Subsequent studies, including those by several researchers [6], [7], [8], [9], focused on the sentiment analysis of the movie reviews on the Internet Movie Database (IMDb), aiming to investigate multiple layers of sentiment in the reviews for evaluating the performance of movies, among other aspects. The application of machine learning techniques in these studies has facilitated the categorization of movies based on sentiment analysis conducted by critics, providing illustrative insights into the efficacy of these methods. In addition, it can be seen that the proposed models work fine on large sets of data, which aid in mapping the variety of responses that are built-in with emotion. These studies contribute to advancing sentiment analysis but have not explored the consequences of the various outcomes of using different machine learning models in sentiment classification.
In 2022, Alotaibi and Al-Rasheed [10] conducted a comparative analysis of sentiment analysis models using Twitter data, employing both lexicon-based and polarity multiplication approaches. This research underscored the importance of a model’s ability to process large volumes of data with high precision and offered insights into effective strategies for analyzing social media datasets.
Built on these foundational works, this study comprehensively compares multiple machine learning classifiers, i.e., Logistic Regression, Naive Bayes, LinearSVC, and Gradient Boosting, specifically for sentiment analysis of movie reviews. Unlike previous studies, the proposed approach rigorously evaluates and compares these algorithms' performance, addressing the gap in comparative analysis and providing practical guidance for selecting the optimal model for sentiment analysis in the film industry. However, this comparative analysis not only advances the field by identifying the most effective algorithm for classifying sentiments in movie reviews but also contributes to a more nuanced understanding of sentiment analysis methodologies, enhancing both theoretical and practical applications.
3. Research Methodology
Embarking on the intricate task of sentiment analysis within IMDb reviews, the proposed methodological framework underscores a fusion of meticulous data curation and cutting-edge computational paradigms. Illustrated in the accompanying schematic, the proposed methodology provides guidance through a rigorous exploration of the textual landscape, where raw feedback undergoes a transformative process of refinement. By employing advanced data preprocessing techniques, extraneous noise was systematically eliminated and the essence of sentiment embedded within the corpus was distilled. Taking advantage of state-of-the-art vectorization techniques, text-based descriptions were converted into vectorized feature spaces, amenable to analyses by computational tools and methods. Then this carefully picked dataset distribution was further split into specific sets for training and testing, respectively, beneficial for fine-tuning and testing of deep-learning models. Exploiting a vast array of the most up-to-date architectures of sentiment analysis, including those proposed by several researchers [11], [12], [13], [14], [15], with each methodically trained and tested, the proposed methodological excursion was finished with a comprehensive performance comparison to reveal how to achieve better sentiment analysis.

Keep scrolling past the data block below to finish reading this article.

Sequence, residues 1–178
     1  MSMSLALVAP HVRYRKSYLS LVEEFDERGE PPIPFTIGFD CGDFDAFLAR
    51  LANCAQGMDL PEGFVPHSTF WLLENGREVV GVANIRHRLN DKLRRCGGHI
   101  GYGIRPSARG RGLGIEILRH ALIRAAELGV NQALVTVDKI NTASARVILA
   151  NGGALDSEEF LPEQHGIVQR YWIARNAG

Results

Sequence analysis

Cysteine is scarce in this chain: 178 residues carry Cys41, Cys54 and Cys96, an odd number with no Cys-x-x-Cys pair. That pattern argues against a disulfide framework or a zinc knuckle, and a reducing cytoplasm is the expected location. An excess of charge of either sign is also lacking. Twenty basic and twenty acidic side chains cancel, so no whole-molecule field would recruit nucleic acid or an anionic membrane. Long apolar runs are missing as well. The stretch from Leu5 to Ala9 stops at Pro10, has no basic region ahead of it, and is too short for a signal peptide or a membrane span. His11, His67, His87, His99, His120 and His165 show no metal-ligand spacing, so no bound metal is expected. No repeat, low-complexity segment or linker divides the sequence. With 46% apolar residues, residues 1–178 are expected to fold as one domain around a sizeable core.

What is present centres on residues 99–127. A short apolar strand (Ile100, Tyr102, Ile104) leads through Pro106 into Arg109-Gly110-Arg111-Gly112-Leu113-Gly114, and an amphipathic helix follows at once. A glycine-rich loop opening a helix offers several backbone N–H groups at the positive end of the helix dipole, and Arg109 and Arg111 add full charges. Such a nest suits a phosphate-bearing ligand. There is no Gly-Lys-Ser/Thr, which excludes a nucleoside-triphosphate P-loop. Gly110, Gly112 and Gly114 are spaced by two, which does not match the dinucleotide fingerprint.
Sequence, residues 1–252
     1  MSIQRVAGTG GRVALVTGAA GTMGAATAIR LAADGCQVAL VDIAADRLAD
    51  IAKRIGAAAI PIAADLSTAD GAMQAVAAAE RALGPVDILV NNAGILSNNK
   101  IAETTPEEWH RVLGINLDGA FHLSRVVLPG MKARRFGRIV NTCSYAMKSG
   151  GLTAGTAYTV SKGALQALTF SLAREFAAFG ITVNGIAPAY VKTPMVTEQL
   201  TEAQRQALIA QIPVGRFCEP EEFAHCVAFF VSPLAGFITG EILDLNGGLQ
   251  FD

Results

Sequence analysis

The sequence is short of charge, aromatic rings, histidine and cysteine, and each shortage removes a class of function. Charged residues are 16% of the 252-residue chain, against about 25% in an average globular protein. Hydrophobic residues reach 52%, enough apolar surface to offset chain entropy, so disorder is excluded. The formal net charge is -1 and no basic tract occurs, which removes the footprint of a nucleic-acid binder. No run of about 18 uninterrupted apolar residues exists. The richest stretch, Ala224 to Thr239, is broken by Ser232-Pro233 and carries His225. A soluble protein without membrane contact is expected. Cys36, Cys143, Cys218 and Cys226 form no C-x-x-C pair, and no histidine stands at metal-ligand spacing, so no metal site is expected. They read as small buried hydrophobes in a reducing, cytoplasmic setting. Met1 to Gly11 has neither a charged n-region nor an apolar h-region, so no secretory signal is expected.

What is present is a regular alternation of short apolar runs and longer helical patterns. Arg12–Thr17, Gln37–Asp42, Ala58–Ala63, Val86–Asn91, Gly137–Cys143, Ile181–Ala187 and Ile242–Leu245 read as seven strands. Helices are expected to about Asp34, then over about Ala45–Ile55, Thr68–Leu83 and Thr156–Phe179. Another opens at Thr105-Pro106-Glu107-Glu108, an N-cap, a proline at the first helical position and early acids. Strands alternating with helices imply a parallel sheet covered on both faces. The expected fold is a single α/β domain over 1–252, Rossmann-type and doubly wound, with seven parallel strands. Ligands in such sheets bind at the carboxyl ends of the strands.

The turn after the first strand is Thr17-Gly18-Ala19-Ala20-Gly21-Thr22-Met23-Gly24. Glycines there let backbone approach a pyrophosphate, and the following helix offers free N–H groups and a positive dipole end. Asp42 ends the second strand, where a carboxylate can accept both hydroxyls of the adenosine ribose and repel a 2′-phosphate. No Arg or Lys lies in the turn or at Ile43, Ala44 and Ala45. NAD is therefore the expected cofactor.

Figure 1 highlights a methodological process designed meticulously to obtain meaningful sentiments from the IMDb reviews. It is a chain of strictly defined procedures, each of which is aimed at improving the quality of raw textual data to produce actionable intelligence. The following illuminates these steps in detail:
$\bullet$ Data collection: Sentiment analysis was conducted using data from the online platform Kaggle. The dataset involves the use of movie reviews from IMDb and consists of fifty thousand reviews. This corpus was split into two classes: 25,000 negative reviews and 25,000 positive ones. Each review is associated with two columns, with debatable tokens of ‘review’ and ‘sentiment’.
$\bullet$ Data cleaning and preprocessing: Data was preprocessed to convert it into lower case, with HTmachine learning tags, special characters, and punctuation stripped out. In the preprocessing, specific measures were taken when identifying the role of numerical digits. In many cases, numbers were removed to reduce noise and relevant numbers were specifically retained when they were deemed important, such as ratings or dates. Common stop words, Twitter handles, and hashtags were filtered out to focus on the core movie review content. Stemming normalized word variations, while tokenization segmented text for granular analysis. Vectorization relied on term frequency-inverse document frequency (TF-IDF) with n-grams to numerically represent text, considering term importance and capturing contextual information, thus enhancing the model’s discriminative power.